Did you know that people have been their ears pierced for thousands of years? The only issue was they weren’t exactly sure of how to properly look after their ears after they were pierced. While an ear piercing is a great cosmetic addition, it’s definitely not worth getting a nasty infection due to carelessness with the whole procedure.
Here are tips on how to keep your ears from getting infected from the earrings you wear.
Choose a Reputable Piercing Shop
A good, reputable piercing shop will have ensured that all of their equipment is sterile, and that the environment where the piercing will be done is clean. When you’re getting your ear pierced, check that the person doing it has properly washed their hands or that they’re wearing gloves prior to them beginning the process. Also, they should apply a special bacteria-killing soap to your ear(s) before they carry out the piercing. Never allow your ears to be pierced in someone’s home (even if they claim to do pierce professionally).
Wear High Quality Metals
The first earrings you ever have should have gold posts, which are the part that slides through the hole in your ear. Gold is significantly less likely to result in swelling and/or an infection. If you replace the earring soon after your piercing with a non-gold post, you could find yourself having an allergic reaction to that metal, especially if the earrings are cheaply made..
Follow Aftercare Instructions
After you’ve had your ears pierced for the first time, it’s good practice to leave the earrings in place up until the ears are fully healed. This will typically take around four to six weeks. If you choose not to leave them in place, it’s possible that your holes will close and you’ll have to go through the entire piercing process all over again.
It’s essential that you keep germs out of your pierced ears, so ensure that you’re always keeping your ears clean. For a few days following the piercing, you’ll need to wash your ears with ear cleaning solution, antibiotic ointment or rubbing alcohol. This helps significantly in reducing the chances of you getting an ear infection.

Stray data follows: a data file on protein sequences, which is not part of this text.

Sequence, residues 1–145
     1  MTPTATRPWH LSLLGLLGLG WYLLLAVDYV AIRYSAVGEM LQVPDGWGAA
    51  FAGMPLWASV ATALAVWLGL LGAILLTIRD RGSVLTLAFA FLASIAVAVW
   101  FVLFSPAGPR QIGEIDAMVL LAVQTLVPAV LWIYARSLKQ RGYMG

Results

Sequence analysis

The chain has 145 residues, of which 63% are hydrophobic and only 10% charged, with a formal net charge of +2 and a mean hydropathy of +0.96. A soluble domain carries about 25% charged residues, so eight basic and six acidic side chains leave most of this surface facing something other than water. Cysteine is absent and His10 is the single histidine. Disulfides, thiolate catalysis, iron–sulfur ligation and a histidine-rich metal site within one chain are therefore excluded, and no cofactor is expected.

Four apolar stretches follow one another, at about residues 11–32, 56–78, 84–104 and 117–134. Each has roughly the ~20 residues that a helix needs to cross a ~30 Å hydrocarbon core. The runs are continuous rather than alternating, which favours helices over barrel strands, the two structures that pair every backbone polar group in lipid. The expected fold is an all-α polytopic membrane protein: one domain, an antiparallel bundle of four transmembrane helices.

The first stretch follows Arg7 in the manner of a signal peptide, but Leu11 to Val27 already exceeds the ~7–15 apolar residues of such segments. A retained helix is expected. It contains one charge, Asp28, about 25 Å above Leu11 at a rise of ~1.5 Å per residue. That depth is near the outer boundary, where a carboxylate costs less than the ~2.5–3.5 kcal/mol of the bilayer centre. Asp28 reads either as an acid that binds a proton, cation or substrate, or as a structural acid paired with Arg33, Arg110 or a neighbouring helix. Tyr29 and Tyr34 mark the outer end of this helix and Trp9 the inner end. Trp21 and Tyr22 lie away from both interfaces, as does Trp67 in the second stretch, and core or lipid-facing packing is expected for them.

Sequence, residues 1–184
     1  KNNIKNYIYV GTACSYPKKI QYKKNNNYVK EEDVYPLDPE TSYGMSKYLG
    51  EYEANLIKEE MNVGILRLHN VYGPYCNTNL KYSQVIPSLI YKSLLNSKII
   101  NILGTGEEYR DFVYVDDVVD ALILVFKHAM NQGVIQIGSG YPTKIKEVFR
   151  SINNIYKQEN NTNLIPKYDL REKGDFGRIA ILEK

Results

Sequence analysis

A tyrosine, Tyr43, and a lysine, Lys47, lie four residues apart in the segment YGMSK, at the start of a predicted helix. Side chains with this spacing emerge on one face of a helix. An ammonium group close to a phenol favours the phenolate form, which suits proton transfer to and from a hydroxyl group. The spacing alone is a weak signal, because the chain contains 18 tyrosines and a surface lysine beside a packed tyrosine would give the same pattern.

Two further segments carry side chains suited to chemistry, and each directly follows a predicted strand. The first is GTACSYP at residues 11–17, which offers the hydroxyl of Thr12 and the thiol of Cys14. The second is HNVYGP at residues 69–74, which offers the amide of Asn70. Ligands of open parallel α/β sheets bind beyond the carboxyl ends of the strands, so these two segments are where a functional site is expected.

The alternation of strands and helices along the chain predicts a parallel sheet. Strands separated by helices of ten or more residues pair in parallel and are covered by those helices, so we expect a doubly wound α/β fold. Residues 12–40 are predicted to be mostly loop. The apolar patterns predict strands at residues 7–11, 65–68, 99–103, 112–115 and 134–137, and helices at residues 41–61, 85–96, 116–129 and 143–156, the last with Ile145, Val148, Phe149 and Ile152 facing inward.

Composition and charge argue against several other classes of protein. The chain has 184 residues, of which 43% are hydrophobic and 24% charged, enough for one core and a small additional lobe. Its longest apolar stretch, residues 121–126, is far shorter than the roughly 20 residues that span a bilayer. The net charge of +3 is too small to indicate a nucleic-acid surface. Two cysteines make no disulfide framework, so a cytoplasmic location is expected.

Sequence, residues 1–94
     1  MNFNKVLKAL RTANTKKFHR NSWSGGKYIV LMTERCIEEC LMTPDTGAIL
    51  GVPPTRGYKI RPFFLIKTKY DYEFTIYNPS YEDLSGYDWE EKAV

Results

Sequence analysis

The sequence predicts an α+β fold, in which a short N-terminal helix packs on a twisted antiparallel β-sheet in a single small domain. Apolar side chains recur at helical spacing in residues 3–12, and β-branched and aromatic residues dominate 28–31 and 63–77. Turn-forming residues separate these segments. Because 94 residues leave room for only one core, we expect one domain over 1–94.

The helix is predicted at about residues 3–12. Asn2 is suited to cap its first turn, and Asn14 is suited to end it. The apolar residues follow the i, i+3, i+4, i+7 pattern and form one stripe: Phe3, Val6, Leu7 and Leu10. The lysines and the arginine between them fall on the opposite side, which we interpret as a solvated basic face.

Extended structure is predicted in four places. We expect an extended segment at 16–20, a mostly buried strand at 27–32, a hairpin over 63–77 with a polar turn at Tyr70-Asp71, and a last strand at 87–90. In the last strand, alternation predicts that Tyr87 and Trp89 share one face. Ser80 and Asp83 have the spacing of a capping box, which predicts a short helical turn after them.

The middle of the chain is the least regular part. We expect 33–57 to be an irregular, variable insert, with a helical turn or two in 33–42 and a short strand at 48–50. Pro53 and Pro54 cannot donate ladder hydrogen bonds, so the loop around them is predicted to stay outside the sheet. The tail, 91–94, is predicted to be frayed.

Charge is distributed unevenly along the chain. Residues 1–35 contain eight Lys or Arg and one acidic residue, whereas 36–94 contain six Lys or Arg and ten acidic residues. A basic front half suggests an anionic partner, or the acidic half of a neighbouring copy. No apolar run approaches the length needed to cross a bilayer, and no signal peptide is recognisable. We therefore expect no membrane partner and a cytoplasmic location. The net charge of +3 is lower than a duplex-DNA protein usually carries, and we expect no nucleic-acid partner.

Keep Pierced Ears Clean
Whether it’s you, a friend or family member doing the cleaning, it’s important to follow these steps two times per day:
- Thoroughly clean your hands to prevent the spread of germs from your fingers.
- Using a swab or cotton ball, apply antibiotic ointment or rubbing alcohol to the lobes or earlobe.
- Carefully and gently spin the earring whilst it’s in place in your ear.
Once your ear has healed entirely, take out your earrings every night prior to sleeping. For the first time that you remove them, wash them carefully with rubbing alcohol. The same applies for any other earrings that you’ll be wearing.
Know the Signs of an Infected Piercing
If you’re concerned that you could have an infected piercing, check if the earlobe area is red, swollen, painful and warm. It’s also possible that it could be oozing out pus. Learn the right way to care for an infected piercing.
Learn How to Safely Wear Cheap Earrings
Love a pair of really cheap earrings but notice that every time you wear them you get an infection? Some people have a sensitivity to earrings made from cheap metals or materials that aren’t nickel free. Instead of ditching the earrings, or thinking you have to a commit to a life of pricey baubles for your ears, try painting some clear nail polish over the posts in order to avoid direct contact with your ears and the metal of the earrings.
Take immediate action
It’s not that uncommon for a pierced ear to become infected, but it’s not worth waiting for it to fix itself, the infection could make you sick and spread further. Pay special attention to the problem if you’ve got a fever, redness/swelling spreading further than the hole or if the earring gets stuck in the ear. The best idea in this scenario is to call a doctor for advice on how to treat the infection effectively. They’ll most likely recommend an ear cleaning routine, including the application of antibacterial ointment.
When an ear infection is properly looked after, it’s likely that it’ll be gone entirely within one or two weeks. Once that’s over, your ears will be back to normal.